Spatial models help assess prevention efforts [11], plan resource allocation [12], infer gaps in service delivery, and understand biases in surveillance data, adapt services, and target interventions [13]. In sub-Saharan Africa, strategies for eliminating HIV are designed by mapping the geographic dispersion patterns of HIV-infected individuals [11]. Compared with the individual level, the spatiotemporal level of HIV-related outcomes can potentially provide fresh insights into public health strategies and prevention measures [14]. Although geographic information systems have been used for several years to monitor infectious diseases, their capacity to target services for regional disease prevention and control strategies is underutilized [13, 15].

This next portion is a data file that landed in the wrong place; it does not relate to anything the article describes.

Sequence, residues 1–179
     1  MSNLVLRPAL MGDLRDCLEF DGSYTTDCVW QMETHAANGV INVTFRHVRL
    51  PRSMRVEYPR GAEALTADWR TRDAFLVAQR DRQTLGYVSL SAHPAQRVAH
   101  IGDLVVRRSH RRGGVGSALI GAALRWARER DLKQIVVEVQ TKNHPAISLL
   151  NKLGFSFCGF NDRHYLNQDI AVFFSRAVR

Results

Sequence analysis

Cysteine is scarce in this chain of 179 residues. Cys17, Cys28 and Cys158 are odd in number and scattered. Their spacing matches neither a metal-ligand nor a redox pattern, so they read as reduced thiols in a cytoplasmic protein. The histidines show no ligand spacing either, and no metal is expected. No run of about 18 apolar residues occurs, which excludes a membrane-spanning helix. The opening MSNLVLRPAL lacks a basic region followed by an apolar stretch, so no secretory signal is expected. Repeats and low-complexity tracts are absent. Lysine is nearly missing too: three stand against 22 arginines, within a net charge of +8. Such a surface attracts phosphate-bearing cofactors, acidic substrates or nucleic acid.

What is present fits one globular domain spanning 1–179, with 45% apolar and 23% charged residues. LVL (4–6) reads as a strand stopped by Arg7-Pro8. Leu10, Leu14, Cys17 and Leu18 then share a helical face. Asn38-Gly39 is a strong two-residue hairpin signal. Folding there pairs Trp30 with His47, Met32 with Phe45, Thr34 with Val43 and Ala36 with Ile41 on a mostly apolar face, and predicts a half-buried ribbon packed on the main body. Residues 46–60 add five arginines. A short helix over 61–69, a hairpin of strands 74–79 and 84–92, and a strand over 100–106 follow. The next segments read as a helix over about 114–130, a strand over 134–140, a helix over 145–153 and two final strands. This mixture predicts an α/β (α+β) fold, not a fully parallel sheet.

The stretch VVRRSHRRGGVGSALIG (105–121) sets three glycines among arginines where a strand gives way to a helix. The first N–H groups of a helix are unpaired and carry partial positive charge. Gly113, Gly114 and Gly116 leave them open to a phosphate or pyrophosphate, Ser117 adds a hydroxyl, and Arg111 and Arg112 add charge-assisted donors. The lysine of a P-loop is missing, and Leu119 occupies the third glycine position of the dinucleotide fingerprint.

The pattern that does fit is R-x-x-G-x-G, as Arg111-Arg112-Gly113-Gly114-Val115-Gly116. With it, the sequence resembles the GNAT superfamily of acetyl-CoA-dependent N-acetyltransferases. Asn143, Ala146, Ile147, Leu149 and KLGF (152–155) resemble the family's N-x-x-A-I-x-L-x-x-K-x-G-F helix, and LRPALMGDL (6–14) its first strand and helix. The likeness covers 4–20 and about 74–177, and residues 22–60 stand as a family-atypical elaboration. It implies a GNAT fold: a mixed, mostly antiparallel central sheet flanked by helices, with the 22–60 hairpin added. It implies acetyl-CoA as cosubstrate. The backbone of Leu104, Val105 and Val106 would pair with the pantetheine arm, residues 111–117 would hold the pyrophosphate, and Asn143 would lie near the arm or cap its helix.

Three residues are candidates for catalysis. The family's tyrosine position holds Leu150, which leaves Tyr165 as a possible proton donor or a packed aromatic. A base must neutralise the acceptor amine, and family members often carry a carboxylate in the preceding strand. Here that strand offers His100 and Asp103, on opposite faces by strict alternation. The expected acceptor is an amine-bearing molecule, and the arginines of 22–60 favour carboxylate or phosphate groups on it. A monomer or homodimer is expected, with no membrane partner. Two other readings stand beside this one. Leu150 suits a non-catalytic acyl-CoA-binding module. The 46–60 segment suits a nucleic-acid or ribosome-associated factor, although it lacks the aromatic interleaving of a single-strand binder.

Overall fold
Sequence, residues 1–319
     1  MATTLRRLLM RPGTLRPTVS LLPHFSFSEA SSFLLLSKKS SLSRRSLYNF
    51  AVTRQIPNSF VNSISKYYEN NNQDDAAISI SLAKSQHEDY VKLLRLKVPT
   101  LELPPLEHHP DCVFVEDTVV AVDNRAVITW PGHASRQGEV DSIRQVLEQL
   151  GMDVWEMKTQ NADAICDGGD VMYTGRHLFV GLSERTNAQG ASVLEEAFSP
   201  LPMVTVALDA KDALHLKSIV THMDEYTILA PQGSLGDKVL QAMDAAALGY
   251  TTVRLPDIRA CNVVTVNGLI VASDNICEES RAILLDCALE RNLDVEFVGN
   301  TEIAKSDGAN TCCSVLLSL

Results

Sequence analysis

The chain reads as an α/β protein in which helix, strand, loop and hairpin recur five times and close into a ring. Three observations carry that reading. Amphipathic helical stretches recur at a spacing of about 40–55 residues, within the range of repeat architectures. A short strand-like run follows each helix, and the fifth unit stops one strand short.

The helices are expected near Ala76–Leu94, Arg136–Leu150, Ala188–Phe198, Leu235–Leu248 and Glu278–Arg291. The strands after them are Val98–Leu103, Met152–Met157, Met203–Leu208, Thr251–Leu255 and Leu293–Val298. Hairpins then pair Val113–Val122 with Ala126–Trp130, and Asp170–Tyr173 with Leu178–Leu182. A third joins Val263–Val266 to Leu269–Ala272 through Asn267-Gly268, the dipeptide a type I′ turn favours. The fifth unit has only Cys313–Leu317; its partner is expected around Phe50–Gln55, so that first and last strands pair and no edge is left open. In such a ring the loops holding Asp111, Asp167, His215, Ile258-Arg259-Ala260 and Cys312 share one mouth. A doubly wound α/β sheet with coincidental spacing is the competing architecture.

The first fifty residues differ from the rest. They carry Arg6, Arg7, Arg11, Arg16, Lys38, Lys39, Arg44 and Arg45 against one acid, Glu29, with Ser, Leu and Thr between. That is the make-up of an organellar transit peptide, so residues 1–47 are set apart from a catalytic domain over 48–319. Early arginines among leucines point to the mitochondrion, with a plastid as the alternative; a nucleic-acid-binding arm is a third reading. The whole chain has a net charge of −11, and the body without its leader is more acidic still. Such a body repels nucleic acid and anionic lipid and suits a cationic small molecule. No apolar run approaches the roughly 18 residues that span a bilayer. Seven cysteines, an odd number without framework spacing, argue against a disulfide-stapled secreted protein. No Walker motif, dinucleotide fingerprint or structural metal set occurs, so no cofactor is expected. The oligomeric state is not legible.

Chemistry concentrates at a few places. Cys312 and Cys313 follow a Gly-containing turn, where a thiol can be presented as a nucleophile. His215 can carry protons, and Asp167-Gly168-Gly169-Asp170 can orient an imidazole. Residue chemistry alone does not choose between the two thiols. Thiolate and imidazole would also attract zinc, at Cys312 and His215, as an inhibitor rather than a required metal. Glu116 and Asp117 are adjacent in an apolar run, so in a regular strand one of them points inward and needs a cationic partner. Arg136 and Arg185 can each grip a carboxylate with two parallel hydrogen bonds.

This study aimed to assess the effectiveness of the GACP implemented in Guangxi, China, and provide data in strategy and practice improvements to achieve the UNAIDS 95-95 targets. These targets aim to ensure that, by 2025, 95% of individuals living with HIV are aware of their HIV status, 95% of those who know their HIV-positive status are receiving treatment, and 95% of individuals on HIV treatment have suppressed viral loads. We used a geostatistical framework to reveal the geographic dispersion pattern of HIV-infected individuals at different stages of GACP implementation to determine the effectiveness of GACP implementation.


Data sources